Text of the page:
One of the many wonderful things that came to light when we saw Water For Elephants was that director Jessica Stone does as brilliant a job with large scale shows as she does with smaller, more intimate shows. Physically, this production bears little resemblance to Kimberly Akimbo, but emotionally, they do share something very important. Both are careful to present the vulnerabilities and complexities in all of their characters; the villains have good in them, the heroes have failings. And it is this humanity that she mines that makes both shows so special. 

Based on the popular novel by Sara Gruen, book writer Rick Elice and Ms. Stone have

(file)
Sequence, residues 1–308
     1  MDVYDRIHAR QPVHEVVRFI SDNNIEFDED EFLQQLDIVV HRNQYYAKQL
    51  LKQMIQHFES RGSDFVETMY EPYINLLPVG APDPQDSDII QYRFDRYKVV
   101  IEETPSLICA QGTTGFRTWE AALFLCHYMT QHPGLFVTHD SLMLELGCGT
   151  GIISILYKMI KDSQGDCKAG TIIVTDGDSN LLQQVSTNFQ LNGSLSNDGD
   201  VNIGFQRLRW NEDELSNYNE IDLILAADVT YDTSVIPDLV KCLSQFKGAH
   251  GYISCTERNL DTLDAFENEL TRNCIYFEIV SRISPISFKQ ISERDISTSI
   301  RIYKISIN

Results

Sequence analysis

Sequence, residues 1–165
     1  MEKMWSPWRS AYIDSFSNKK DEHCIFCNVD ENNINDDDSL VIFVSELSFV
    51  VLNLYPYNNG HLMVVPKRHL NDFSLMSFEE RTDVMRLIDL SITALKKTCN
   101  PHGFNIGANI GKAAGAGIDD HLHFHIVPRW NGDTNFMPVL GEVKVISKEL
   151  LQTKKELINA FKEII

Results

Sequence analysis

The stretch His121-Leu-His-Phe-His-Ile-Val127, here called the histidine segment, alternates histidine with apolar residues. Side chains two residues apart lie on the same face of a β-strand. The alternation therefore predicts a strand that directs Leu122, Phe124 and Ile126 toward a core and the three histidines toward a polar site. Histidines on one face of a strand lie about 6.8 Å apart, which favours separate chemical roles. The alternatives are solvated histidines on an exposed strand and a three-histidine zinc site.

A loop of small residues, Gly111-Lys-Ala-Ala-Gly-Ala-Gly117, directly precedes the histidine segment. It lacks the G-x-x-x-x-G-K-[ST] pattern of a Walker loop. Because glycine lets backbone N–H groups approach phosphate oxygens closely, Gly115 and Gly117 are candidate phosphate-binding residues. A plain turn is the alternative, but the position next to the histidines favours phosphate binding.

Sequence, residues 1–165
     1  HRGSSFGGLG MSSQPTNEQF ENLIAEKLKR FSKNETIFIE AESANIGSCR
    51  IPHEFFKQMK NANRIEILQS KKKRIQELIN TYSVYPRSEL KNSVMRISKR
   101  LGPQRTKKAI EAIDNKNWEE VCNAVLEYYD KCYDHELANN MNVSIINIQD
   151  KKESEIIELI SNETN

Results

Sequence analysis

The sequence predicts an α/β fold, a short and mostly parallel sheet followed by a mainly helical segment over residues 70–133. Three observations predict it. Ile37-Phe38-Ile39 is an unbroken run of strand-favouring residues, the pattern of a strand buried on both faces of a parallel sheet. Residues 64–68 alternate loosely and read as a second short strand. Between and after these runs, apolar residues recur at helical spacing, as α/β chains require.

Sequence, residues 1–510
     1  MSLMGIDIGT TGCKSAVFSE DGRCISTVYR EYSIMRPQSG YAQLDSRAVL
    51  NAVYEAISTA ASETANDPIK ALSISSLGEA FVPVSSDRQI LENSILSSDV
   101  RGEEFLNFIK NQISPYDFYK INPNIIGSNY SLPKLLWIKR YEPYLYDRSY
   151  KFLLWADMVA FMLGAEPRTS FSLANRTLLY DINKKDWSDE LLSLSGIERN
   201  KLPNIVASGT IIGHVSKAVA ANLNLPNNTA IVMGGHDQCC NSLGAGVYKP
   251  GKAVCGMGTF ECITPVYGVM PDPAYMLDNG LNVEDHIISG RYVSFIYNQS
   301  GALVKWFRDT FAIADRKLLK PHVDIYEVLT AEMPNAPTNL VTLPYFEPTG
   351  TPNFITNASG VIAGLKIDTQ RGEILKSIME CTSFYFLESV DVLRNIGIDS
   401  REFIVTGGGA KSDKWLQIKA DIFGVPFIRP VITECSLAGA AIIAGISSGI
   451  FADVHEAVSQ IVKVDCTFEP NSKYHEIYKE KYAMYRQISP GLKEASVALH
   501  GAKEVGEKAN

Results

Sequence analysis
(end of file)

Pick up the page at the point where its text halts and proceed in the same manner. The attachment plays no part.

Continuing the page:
crafted this sweeping tale into a truly theatrical piece, where major events are presented in ways only stage magic allows, and the intimate human drama, though thoughtfully tempered, is just as dramatic. Elice weaves the memories of our older narrator seamlessly into the action of the moment, often overlapping, revealing revelations to both audience and characters alike. This book is solid; epic and small, romantic and thrilling, and always in service to the story and its themes. Even going in knowing the novel (and the popular film), I was fully invested in the characters and the plot, feeling it all as if for the first time.